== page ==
The United States began training Ukrainian forces on how to operate the tanks in May in Germany. The 31 tanks destined for Ukraine had been refurbished and prepared for shipment over several months, and their transfer was officially approved last month.

At least two killed in Russian attacks on Odessa 3:29

Attacks on port infrastructure

After the Ukrainian attack on Sevastopol on Friday, a wave of Russian strikes hit the southern Ukrainian port city of Odessa overnight and early Tuesday, Ukrainian officials said.

The drones attacked Odessa for more than two hours in the early hours of Tuesday, damaging port infrastructure in the Izmail district, according to Oleh Kiper, head of Ukraine's Odessa regional military administration.

It comes a day after Russian strikes killed at least two people and caused "significant damage" to the city, Kiper said. One of the victims was found under the rubble of a warehouse where grain was stored, he said.

Ukraine's military alleged that Russia's attack on Odessa was a violation of international humanitarian law, as it targeted both troops and civilian infrastructure, including energy supplies. The defense forces also said the attack was a "pathetic attempt at retaliation" for the attack on the headquarters of the Russian Black Sea Fleet.

Monday's attack damaged the city's port and electrical infrastructure, as well as granaries, warehouses and several private homes in the city's suburbs, Ukraine's Prosecutor General's Office said.

Ukraine's energy minister said Monday that about 1,000 customers were without power and that a "large-scale repair campaign" was underway.

Russian forces employed drones, hypersonic missiles, cruise missiles and an Iranian-made submarine in the assault, Ukraine's defense forces said. 19 drones and 11 missiles were shot down.

The remains of the downed weapons damaged some warehouses and private houses and granaries were damaged by the hypersonic missile attack.

  • Sun and sea in times of war. This is life today on the beaches of Odessa, Ukraine

In this Sept. 25 photo, a building is damaged following a Russian military attack in Odessa, Ukraine. (Credit: Odessa Regional Prosecutor's Office/Reuters)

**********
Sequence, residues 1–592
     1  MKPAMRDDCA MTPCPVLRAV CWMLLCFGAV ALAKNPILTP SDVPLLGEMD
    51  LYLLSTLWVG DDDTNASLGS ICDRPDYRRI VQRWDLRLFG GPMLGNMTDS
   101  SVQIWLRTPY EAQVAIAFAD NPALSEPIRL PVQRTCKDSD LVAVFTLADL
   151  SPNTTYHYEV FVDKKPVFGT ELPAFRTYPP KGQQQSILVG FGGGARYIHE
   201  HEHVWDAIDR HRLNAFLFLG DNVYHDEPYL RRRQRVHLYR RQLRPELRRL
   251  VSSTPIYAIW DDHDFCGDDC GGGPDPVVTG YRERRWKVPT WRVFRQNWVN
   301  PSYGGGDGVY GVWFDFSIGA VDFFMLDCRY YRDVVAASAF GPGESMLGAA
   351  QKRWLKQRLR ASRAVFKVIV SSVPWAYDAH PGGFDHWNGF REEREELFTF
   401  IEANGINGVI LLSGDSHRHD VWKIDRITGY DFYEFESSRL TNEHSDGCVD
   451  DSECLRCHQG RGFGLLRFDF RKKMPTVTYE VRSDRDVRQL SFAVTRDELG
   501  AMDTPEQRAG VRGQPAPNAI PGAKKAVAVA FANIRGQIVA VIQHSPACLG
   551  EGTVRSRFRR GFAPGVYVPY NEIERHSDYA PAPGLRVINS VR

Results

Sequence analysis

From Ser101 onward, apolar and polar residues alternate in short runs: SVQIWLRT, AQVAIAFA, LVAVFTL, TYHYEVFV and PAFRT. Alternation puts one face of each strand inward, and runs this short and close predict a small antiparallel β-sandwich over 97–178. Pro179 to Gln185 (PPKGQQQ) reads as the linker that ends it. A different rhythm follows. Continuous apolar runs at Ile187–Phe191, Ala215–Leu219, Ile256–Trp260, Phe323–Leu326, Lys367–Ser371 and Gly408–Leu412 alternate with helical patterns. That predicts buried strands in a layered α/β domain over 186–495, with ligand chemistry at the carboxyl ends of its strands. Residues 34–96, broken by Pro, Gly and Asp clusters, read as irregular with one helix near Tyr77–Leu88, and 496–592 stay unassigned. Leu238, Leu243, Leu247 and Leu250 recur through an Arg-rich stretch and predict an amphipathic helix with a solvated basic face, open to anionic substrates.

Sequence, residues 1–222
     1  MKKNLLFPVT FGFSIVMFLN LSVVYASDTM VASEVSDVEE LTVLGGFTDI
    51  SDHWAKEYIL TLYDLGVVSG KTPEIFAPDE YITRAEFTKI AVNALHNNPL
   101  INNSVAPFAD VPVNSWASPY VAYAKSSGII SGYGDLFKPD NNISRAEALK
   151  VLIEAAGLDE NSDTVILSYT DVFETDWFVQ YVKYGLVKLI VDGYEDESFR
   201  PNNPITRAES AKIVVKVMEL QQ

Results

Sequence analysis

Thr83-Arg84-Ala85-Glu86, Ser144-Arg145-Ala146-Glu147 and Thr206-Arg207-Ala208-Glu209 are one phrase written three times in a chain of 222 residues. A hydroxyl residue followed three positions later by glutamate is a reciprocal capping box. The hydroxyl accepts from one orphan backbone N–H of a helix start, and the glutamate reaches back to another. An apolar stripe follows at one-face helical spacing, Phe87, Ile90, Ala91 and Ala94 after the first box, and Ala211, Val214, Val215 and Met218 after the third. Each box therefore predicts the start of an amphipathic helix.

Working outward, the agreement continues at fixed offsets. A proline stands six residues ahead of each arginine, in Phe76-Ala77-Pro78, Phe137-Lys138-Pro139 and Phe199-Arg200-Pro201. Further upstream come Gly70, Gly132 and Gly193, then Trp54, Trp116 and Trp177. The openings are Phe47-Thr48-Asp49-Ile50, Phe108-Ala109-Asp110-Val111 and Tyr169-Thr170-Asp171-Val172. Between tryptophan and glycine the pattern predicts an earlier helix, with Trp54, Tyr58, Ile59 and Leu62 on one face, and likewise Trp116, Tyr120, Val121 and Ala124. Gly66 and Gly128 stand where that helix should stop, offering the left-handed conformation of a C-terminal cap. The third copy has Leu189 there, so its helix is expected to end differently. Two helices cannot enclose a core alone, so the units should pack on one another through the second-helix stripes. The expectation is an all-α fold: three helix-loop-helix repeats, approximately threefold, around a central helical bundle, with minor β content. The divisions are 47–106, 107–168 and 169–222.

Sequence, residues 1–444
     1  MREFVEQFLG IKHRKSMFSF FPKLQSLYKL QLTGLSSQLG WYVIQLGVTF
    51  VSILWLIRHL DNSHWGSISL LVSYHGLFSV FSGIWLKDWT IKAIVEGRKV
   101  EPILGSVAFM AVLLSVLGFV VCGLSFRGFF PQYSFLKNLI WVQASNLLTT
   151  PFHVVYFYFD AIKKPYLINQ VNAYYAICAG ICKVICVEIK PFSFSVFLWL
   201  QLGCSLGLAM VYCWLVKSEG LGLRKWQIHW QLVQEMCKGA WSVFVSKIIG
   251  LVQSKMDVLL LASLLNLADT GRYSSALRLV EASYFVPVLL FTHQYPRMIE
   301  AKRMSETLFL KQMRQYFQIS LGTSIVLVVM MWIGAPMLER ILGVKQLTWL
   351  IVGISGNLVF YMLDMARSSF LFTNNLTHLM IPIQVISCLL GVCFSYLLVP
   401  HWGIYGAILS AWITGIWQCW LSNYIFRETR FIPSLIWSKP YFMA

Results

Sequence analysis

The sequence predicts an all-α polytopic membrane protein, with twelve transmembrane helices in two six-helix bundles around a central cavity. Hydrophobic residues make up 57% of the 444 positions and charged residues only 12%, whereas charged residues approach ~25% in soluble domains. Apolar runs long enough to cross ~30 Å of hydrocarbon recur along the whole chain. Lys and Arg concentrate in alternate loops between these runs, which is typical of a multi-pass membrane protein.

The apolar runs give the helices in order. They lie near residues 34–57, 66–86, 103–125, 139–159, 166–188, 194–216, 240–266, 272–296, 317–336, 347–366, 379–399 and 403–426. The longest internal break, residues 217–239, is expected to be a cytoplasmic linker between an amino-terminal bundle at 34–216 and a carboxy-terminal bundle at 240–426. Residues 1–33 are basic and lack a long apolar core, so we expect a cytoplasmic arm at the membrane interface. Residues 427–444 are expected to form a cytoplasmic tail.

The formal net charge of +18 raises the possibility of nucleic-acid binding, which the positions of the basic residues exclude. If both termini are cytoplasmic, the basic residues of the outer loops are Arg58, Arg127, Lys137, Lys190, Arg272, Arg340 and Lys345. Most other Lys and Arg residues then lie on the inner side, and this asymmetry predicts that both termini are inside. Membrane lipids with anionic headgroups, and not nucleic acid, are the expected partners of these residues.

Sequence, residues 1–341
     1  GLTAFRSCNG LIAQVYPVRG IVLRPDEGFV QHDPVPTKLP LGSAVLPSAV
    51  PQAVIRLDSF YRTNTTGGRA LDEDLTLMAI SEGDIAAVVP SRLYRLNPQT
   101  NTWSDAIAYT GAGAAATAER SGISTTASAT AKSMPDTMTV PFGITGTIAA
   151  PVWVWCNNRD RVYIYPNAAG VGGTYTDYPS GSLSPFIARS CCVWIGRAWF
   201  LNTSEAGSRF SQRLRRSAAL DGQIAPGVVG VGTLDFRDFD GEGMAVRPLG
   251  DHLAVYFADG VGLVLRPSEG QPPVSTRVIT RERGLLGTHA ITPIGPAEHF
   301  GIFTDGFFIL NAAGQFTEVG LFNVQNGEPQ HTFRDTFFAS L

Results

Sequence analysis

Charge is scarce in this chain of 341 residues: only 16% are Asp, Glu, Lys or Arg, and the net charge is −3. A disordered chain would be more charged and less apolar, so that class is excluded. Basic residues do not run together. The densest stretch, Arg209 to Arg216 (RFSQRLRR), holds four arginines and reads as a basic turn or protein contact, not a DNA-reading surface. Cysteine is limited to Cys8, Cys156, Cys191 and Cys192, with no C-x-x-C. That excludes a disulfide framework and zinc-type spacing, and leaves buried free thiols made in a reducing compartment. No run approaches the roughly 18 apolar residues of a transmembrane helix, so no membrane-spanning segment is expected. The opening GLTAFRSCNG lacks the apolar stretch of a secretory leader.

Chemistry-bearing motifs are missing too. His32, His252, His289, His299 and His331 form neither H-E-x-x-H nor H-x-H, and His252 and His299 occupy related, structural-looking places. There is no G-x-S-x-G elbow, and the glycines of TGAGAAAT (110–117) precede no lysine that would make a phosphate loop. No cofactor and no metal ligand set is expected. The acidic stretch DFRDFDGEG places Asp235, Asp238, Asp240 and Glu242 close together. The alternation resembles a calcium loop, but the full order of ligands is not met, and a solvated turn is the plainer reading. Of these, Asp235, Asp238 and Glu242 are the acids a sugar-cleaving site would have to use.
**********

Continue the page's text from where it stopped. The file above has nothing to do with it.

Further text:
Asked to comment on the Odessa attacks, Kremlin spokesman Dmitry Peskov directed questions to the Russian Defense Ministry to discuss "specific military operations."

Moscow's forces have repeatedly attacked the southern port following the collapse of the Black Sea grain deal in July, which allowed Ukrainian ships to circumvent the Russian blockade of Ukrainian Black Sea ports and safely navigate through the waterway to Turkey's Bosphorus Strait to reach global markets.

Many of the world's poorest nations rely heavily on Ukrainian grain and Russia has been accused of weaponizing the threat of global hunger during the war against its neighbor.

Russian forces also shelled the nearby Kherson region — a major shipbuilding industry along the Black Sea — with strikes that killed at least six people and wounded five on Monday, Ukrainian officials said.

A 73-year-old man and a 70-year-old woman were among those killed after Russian forces dropped four bombs on the southern Ukrainian city of Beryslav, according to Oleksandr Prokudin, head of Kherson's regional military administration.

Over the past day, Russian forces launched 87 strikes in the Kherson region, Prokudin said, targeting residential areas, medical buildings, educational institutions and critical infrastructure.

Civilians have fled heavy Russian bombardment and only a quarter of the population remains in Beryslav, according to Prokudin.

"In the past two weeks, nearly 100 children and their families have left the dangerous coastal communities" of the Kherson region, he said.

-- CNN's Olya Voitovych, Rob Pitcheta, Anna Chernova, Mariya Knight, Haley Britzky and Alex Marquardt contributed reporting.

Russian War in UkraineBlack SeaWar Tanks